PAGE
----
It’s December 31, the last day of 2013. This also happens to be the day my mother was born in 1919.
Yet I’m not thinking about birthdays today. Just the opposite: death, specifically the passing of my mother’s generation. Tom Brokaw called this group the greatest generation and profiled their sacrifices and contributions to American society in his book titled the same.
After leaving home for college and to forge my career, I kept in touch with three of my mother’s friends, maintaining those links for decades. Mary Ann lived in Dublin (CA), Blanche in San Francisco, and Audrey lived in Colorado Springs until her husband died and her son transplanted her to Bend.
My efforts to stay connected weren’t much, usually a letter during the holidays that recapped news of the year, occasionally a call if I were in the area and had time before a flight. A few times, when my travel schedule permitted, we were able to have lunch or dinner.
My mother appreciated my effort, though I didn’t really do it for her. Although infrequent, my contacts rekindled fond memories from childhood.
Earlier this year I received a call with the news that Mary Ann had died. The last time I saw her was when she visited my mom, shortly before my mom’s death in 2006. They had gone to high school together, where they formed a life-long friendship. I don’t remember the last time I spoke with Mary Ann, probably sometime during 2012. I do recall the sound of her voice and how interested and supportive she always was.
Preparing to mail out this year’s holiday letters, I deleted Mary Ann from the mailing list. And I wondered about the others.
Googling San Francisco obituaries, I found the notice of Blanche’s death, last March. She was 95. The short obit described her as “an independent woman of indefatigable energy, always ready to do business.”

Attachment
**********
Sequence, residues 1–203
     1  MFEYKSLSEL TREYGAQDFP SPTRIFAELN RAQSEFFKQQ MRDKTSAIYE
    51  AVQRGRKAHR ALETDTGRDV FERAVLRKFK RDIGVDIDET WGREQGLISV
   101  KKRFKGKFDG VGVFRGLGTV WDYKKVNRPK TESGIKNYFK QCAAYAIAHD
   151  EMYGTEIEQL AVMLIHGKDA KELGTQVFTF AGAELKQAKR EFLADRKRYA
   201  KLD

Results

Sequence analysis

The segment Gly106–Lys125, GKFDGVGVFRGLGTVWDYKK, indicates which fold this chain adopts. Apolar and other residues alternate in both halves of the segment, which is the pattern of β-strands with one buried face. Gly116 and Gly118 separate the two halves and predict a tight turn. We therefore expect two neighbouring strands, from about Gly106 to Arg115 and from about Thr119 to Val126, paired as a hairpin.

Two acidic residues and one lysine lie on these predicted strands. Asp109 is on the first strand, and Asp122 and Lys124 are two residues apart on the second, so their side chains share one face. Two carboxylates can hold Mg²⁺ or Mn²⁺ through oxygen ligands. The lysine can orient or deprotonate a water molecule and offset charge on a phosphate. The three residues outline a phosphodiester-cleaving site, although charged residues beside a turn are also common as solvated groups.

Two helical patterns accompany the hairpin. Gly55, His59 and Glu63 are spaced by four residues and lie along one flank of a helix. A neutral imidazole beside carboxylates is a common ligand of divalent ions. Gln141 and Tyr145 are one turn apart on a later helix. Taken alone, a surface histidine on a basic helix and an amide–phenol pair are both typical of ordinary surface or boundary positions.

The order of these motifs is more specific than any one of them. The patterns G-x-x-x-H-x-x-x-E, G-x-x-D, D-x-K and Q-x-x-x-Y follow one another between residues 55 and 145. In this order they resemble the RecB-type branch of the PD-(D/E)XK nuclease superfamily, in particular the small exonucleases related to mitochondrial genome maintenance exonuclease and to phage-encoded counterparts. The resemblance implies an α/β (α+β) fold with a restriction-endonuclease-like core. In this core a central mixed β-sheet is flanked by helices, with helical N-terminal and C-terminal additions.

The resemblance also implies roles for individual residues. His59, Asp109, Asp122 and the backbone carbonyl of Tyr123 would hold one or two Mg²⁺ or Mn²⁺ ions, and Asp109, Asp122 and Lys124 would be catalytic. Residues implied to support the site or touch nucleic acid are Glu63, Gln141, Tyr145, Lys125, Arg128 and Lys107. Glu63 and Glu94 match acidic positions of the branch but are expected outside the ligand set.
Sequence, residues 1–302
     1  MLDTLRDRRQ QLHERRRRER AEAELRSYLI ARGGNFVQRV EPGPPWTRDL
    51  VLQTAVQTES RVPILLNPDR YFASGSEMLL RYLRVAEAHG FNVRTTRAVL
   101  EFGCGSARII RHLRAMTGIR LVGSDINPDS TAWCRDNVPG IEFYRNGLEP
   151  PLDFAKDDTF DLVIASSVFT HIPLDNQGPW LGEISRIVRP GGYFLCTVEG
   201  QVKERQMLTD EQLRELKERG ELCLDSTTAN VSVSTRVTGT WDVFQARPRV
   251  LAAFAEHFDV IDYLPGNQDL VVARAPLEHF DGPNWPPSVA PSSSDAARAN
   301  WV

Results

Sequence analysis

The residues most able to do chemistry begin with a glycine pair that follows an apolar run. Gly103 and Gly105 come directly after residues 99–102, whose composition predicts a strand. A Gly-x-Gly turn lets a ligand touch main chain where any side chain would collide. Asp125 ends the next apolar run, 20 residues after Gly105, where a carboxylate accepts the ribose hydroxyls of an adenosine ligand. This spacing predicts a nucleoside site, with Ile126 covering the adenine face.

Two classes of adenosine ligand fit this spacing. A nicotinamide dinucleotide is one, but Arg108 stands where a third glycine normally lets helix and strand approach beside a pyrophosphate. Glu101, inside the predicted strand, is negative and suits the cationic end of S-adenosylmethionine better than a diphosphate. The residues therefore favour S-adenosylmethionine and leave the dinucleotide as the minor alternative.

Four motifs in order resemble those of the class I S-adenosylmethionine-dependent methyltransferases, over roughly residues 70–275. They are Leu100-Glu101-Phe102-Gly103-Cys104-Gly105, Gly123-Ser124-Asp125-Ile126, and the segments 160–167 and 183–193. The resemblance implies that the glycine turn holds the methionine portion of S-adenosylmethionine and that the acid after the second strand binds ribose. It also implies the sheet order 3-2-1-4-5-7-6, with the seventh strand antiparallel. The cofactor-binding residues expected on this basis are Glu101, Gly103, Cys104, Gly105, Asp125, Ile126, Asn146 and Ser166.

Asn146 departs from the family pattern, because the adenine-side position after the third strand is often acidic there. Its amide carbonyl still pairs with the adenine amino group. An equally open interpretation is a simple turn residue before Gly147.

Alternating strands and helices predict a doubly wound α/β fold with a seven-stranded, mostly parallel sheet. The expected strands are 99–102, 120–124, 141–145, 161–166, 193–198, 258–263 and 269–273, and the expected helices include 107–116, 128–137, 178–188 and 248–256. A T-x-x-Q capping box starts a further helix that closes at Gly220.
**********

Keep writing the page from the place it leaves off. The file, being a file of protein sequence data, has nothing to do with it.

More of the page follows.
Indeed she was. I recall her infectious laugh and the energy that seemed to lift everyone in the room. I loved visiting her office on Geary Street, where I could look down from the windows to see the sights in Union Square, in the heart of San Francisco. My first memory of Blanche was her trying to teach me how to play craps, rolling the dice on my kitchen floor. I was just 6 or 7.
Another entry deleted from the list, one less letter to mail.
Googling for obituaries in Bend revealed nothing. Relieved, I remembered that I had Audrey’s phone number and decided to call, realizing that I hadn’t spoken with her in over a year. A man answered the phone, which I thought might be her son Quentin.
“Is Audrey there?”
“I’m sorry. There’s no one by that name here.”
I verified that I had correctly dialed the number. Yes, he confirmed, but reiterated that no one named Audrey was associated with the number.
I’ll mail the letter and hope that it doesn’t come back “return to sender.”
Sadly, it seems that my living connections to this generation have nearly passed. Yet I do have the memories of the times we spent together and their influence upon my life. I can still vividly hear their voices. For that, I’m grateful.